‘Disaster’ towers as Franco’s magnum opus

“The Disaster Artist,” which tells the almost-unbelievable tale of the worst Hollywood movie ever made, stars James Franco as the infamous Tommy Wiseau. Photo courtesy of A24

“The Disaster Artist,” which tells the almost-unbelievable tale of the worst Hollywood movie ever made, stars James Franco as the infamous Tommy Wiseau. Photo courtesy of A24

“The Disaster Artist,” which tells the almost-unbelievable tale of the worst Hollywood movie ever made, stars James Franco as the infamous Tommy Wiseau. Photo courtesy of A24

In a Hollywood-era, and fall season, in which recreating old subject matter is the only sure way to get asses in theater seats, James Franco and Seth Rogen are likely to turn the holiday movie season on its head by recreating old subject matter with “The Disaster Artist,” a biographical comedy-drama about the making of the best worst movie ever made: Tommy Wiseau’s “The Room.”

You couldn’t have predicted it if you tried. The thought of pairing Franco and Rogen’s usual low-effort stoner-comedy filmmaking with Wiseau’s incoherent creation seemed like a dream that was destined for failure.

Even in an alternate-dimension, who would have thought the “Pineapple Express” crew would not only plunge headfirst into recreating Wiseau’s infamous persona and succeed, but that they would also have the guts to release it in the middle of “Justice League” and “The Last Jedi?”

The film’s main source of inspiration, aside from “The Room” itself, is “The Disaster Artist: My Life Inside The Room, the Greatest Bad Film Ever Made,” a biographical book written by Wiseau’s friend and supporting actor for “The Room” Greg Sestero, who in the film is played by Franco’s brother Dave.

The film kicks off in the subtlest, yet most unusual, of ways. An array of Hollywood A-listers sit down to speak about their love for “The Room,” with the comments ranging from “It’s super strange and enjoyable” to “It’s a Shakespearean masterpiece that changed the cinematic landscape as well as my life.”

The deliveries in this scene are hilarious and ridiculously blur every line between what is serious and what is comedy, what it means to simply enjoy a terrible movie or to be truly inspired by its audacity.

The balance of the movie’s contrasting elements are carried out consistently throughout the film and undoubtedly becomes its best attribute.

Franco, who produced, directed and stars as Wiseau, insures the film is not only about the sheer lunacy that was filming “The Room,” but that the story is carried by Wiseau and Sestero’s roller coaster of a friendship.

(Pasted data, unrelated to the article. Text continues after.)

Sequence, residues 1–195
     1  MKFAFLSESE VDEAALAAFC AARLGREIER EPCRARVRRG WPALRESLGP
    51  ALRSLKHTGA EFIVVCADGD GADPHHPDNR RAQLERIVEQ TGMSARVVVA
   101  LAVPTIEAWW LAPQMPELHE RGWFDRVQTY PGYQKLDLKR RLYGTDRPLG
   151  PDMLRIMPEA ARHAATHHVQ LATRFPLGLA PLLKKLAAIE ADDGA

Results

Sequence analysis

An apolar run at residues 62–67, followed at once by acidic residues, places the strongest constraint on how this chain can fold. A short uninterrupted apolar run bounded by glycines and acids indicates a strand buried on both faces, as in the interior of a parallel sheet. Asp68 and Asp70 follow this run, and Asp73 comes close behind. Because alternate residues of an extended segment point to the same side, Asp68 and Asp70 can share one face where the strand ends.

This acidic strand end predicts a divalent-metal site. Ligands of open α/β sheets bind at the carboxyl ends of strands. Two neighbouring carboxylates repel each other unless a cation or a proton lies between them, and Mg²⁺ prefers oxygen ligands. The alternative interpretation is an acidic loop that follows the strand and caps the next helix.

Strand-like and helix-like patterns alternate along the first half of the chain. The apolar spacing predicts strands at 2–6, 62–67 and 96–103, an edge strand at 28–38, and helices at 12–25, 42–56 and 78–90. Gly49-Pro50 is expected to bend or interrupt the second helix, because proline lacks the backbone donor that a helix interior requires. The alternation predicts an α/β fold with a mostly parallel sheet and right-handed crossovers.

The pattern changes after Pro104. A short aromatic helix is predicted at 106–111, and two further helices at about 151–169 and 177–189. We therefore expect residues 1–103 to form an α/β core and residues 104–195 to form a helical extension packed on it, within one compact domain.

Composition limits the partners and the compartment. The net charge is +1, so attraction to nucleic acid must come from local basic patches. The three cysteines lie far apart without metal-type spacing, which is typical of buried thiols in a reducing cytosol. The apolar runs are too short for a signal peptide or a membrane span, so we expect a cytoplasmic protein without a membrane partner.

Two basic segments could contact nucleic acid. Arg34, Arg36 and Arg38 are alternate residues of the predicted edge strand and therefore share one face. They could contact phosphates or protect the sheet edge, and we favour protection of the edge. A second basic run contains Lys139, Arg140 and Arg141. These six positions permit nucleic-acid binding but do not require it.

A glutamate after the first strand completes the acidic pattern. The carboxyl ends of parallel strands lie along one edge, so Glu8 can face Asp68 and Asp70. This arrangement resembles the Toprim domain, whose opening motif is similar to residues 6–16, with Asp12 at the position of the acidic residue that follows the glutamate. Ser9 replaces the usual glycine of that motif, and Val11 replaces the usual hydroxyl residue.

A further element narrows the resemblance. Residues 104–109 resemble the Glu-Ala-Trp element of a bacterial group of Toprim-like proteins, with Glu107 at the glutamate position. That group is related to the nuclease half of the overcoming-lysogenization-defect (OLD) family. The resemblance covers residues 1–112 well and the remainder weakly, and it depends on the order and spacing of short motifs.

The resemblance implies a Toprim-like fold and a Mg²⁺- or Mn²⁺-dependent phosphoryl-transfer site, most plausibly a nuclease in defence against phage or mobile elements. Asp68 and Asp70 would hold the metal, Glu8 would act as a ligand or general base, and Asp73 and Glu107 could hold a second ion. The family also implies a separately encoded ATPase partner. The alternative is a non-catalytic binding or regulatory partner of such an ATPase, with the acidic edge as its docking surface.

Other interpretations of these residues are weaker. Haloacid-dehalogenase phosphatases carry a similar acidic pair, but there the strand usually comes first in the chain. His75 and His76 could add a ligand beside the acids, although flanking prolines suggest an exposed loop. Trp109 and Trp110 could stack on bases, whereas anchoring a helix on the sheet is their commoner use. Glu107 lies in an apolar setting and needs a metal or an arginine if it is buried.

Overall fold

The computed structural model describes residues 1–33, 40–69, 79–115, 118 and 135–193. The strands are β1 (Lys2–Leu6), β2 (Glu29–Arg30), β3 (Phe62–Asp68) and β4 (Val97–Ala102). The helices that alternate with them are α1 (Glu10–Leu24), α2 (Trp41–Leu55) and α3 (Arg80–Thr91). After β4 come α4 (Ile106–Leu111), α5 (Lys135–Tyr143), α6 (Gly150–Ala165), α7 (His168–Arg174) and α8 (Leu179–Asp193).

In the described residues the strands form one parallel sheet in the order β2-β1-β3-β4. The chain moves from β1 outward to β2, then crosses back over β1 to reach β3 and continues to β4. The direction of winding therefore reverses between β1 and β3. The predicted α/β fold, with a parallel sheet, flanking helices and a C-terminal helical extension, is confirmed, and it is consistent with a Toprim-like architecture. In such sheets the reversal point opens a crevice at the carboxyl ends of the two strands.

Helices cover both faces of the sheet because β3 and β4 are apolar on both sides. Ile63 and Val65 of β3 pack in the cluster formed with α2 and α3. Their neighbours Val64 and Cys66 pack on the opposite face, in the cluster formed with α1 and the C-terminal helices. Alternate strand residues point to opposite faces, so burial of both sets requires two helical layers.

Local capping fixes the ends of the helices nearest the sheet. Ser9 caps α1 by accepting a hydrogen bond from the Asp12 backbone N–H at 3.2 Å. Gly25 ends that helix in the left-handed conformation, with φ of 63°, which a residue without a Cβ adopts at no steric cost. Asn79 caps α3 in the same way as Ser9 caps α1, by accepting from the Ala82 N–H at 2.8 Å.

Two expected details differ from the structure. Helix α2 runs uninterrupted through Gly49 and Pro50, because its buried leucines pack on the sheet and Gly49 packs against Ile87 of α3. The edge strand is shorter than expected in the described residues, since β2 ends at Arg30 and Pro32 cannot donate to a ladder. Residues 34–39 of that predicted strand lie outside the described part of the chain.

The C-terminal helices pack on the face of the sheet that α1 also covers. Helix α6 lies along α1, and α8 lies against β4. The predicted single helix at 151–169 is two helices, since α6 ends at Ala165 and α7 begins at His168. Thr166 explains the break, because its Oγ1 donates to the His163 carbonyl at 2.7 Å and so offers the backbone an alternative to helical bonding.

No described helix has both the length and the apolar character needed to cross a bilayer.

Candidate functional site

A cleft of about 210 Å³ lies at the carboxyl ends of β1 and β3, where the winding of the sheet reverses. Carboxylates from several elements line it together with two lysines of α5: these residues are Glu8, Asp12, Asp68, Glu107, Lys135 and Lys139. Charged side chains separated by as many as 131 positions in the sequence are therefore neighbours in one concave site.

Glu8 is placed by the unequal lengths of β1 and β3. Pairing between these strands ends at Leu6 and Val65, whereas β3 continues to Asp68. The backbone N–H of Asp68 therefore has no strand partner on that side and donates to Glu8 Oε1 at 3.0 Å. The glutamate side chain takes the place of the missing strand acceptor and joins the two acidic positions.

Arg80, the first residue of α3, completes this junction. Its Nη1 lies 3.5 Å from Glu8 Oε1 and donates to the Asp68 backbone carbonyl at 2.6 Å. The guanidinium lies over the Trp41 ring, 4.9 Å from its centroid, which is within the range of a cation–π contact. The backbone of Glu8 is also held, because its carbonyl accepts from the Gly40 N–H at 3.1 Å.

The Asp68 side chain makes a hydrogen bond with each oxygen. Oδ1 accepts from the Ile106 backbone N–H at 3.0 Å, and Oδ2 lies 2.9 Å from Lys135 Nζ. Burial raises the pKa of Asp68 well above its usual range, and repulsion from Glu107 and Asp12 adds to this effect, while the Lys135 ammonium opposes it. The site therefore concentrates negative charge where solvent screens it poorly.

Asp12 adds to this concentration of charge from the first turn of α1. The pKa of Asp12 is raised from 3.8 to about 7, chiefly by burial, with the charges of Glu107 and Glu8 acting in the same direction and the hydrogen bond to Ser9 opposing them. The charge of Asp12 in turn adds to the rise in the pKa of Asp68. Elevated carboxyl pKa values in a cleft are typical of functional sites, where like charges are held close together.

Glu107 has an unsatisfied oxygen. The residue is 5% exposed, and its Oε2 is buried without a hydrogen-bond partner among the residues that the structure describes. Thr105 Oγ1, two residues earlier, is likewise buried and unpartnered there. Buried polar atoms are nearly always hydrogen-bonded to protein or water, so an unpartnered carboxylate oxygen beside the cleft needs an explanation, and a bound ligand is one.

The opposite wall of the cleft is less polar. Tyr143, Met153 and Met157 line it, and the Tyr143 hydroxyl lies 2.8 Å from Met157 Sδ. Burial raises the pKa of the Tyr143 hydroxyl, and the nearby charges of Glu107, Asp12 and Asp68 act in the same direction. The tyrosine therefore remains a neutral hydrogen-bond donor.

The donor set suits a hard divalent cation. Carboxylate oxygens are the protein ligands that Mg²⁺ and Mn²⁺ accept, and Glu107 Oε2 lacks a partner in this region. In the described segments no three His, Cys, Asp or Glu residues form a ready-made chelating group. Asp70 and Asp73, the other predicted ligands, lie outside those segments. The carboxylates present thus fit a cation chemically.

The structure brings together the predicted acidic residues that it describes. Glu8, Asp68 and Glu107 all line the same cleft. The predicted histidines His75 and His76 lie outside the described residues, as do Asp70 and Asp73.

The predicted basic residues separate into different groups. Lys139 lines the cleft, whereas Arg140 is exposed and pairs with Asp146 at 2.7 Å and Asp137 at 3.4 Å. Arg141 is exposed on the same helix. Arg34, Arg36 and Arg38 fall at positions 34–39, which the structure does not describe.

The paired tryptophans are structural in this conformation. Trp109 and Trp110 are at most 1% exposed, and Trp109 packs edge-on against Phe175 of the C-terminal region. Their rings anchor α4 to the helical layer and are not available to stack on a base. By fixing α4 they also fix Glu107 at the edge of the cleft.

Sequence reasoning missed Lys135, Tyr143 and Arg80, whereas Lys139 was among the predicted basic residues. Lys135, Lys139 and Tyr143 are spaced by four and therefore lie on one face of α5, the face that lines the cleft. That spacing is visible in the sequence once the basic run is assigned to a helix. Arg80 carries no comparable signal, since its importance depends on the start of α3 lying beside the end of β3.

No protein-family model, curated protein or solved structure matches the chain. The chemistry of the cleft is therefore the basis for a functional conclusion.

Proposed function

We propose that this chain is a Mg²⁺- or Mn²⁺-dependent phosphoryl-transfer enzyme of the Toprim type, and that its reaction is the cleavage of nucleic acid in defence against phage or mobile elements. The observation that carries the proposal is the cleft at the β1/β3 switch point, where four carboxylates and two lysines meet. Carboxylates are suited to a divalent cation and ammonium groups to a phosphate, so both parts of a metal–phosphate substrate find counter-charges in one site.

Ultimately, both men were chasing the same seemingly unreachable Hollywood dream. Both of them seemed to lack what it took to make it big, yet both have an unrelenting passion for cinema.

We relive their persistence time and time again in the first half of the film, from the San Francisco acting workshop they meet in, to their early push into the business when they arrive in Los Angeles, and, after months of rejection, in the decision to make their own movie.

What ensues after is truly a circus.

The movie flaunts skillful filmmaking on most, if not all, fronts. The tight script and close-up shot selection are behind the film’s seamless balance between the ridiculous and the sentimental.

The cinematography is sleek and the editing is generally steady and subtle, both big departures from the typical Franco-Rogen style. They also offer, despite a few slow transitions, a more grounded feel to the film.

These elements keep the Franco brothers’ impeccable chemistry and comedic delivery at the center of attention. Dave portrays a nervous and often sheepish Sestero. As the everyman, we see a journey through ambition and the general goodness he fosters bleed through the screen, attaching us to him every step of the way.

James’ portrayal of Wiseau may be the farthest the actor has gone outside of his acting range, and he does a remarkable job.

There is a moment or two when his mannerisms are more James Franco than they are Tommy Wiseau, but this is salvaged by his spot-on accent.

Surely, we’ll hear Academy Award talk surrounding his performance.

For a movie centering on a catastrophic film set, the cast behind the endlessly frustrated cast and crew of “The Room,” which include the likes of Rogen, Josh Hutcherson, Zac Efron and Hannibal Buress, they seem to have had the time of their lives making this movie. They try to hold everything together despite Wiseau’s antics, the crew is the voice of normality to help measure the director’s volatile absurdity.

This film was my most anticipated of the year, and it does everything a film like this should do. A24 has yet another hit on its hands, one that is sure to please the masses and may even give the relatively young company its second Best Picture nominee in a row.

It makes sense for this film to be creating the splash that it’s making. The movie itself, and its pitch perfect marketing strategy is a breath of fresh air.

It plays into the absurd real-world comedy that Marvel can’t fully tap into. Unlike our binge-worthy TV shows and favorite galactic opera, the film’s joy is in its train-wreck of a main character and its celebration of failure as success.

So grab your spoons and serve yourself a tall glass of Scotchka, because “The Disaster Artist” deserves your attention and all the praise it gets. Also, stay for the post-credit scene.